Actually, men aren’t very good at this. Men are more susceptible to stress because they tend to internalise problems, rather than share them, for fear of appearing soft. That’s daft. Get it off your chests, chaps.


One of the symptoms of stress is anger. You can help combat that if you try to express your opinions and feelings calmly without turning it into a confrontation. Be assertive without being aggressive.


Flirt – at the office, in the sandwich shop, even on the train. The buzz you’ll experience is your body pumping out endorphins, which decrease blood pressure, heart rate and stress.


You’ll feel better. Trust us.


Here’s the shocking truth: sometimes women don’t require foreplay. If you are really stressed the preliminaries can seem like just too much hard work – but that doesn’t mean you have health out.

Explain to your better half how stressed you feel but how you really want her, right here, right now (put the magazine down first). Women can empathise with the idea of sex as a release – that’s what vibrators were made for.


One way around foreplay is to ask nicely for a relaxing massage. If it leads to something else, great. If it doesn’t, you still get those tense neck and back muscles unknotted.


Relaxing music – which in this case can be defined as any music you like to listen to – can help beat stress. Numerous studies have shown that it can reduce heart rate, temperature and muscle activity. Please note: this doesn’t always work when listening to Slipknot.


Exercise might be good for stress but isn’t always practical or possible in the middle of a busy day. So get outside and take a walk. Depending on whether you’re alone or in company, it gives you a chance to clear your head or talk things over. Done properly – back straight, head up, shoulders back – walking will unknot muscles that tense up when you’re under stress. On top of all that, fresh air and – if you’re lucky – sunshine releases endorphins and lowers blood pressure.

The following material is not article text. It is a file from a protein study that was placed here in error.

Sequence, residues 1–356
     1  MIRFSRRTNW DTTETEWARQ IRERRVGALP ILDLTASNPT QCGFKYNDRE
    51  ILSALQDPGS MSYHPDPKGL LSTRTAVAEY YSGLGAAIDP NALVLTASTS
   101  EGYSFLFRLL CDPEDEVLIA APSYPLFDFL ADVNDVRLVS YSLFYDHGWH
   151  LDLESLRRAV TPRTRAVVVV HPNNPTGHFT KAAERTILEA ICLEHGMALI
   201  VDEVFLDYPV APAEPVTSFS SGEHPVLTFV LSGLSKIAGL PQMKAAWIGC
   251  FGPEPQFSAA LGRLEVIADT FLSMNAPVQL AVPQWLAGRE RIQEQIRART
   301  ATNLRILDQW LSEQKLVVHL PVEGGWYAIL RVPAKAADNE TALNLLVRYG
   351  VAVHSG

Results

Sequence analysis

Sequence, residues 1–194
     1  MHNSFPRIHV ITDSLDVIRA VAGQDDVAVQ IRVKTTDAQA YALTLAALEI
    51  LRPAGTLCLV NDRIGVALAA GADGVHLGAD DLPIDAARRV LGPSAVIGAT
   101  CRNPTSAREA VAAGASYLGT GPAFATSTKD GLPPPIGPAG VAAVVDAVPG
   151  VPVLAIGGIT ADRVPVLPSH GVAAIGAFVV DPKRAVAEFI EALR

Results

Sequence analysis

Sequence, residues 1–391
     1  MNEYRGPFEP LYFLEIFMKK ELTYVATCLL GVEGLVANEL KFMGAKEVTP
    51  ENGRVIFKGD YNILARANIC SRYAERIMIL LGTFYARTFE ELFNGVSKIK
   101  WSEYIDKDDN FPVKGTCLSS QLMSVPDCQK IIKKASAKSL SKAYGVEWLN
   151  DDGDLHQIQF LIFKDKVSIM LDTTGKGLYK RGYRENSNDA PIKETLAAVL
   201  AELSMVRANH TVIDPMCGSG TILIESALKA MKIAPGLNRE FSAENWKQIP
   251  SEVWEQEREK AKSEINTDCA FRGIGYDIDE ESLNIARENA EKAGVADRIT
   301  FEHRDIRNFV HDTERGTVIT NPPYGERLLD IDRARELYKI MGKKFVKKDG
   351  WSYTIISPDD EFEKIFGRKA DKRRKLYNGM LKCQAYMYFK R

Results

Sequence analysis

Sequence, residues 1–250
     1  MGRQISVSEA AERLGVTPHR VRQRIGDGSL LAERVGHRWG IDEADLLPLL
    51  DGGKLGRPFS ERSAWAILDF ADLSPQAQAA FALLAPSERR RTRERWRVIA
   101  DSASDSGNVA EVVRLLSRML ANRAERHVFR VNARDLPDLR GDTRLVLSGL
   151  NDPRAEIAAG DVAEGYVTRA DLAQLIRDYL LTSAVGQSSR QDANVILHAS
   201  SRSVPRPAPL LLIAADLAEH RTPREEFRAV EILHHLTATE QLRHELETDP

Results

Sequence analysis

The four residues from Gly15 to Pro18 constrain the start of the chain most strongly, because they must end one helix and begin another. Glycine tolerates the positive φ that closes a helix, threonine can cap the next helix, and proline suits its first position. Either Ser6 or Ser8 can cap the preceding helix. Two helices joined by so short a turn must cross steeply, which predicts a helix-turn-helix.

Rushing everywhere or obsessing that you can’t get things done in time at work just produces more adrenalin. Take deep breaths, slow down, and if necessary take some lessons in time management.

An easy way to start is by makings lists. Write down everything you hope to achieve in a day or a week and prioritise. Start one job Hand see it through to completion ¬don’t start lots of jobs and try to juggle them all at once. All this will Floc is make it harder to complete any one of them, getting you worked up in the process.


Sometimes you have to accept that things happen beyond your control. ‘roué cannot influence everything that happens in your life. The sooner you accept this the sooner you’ll stop stressing about things you’re unable to change.


Strung-out people tend to harbour more cynical feelings about life it’s one of the emotional symptoms of stress, along with the likes of pessimism, hyperchondria and irrational fury. But it works both ways: the more cynical or pessimistic you are the more stress you’ll feel. The fact is, if you tell yourself you feel better – and believe it – you will feel better.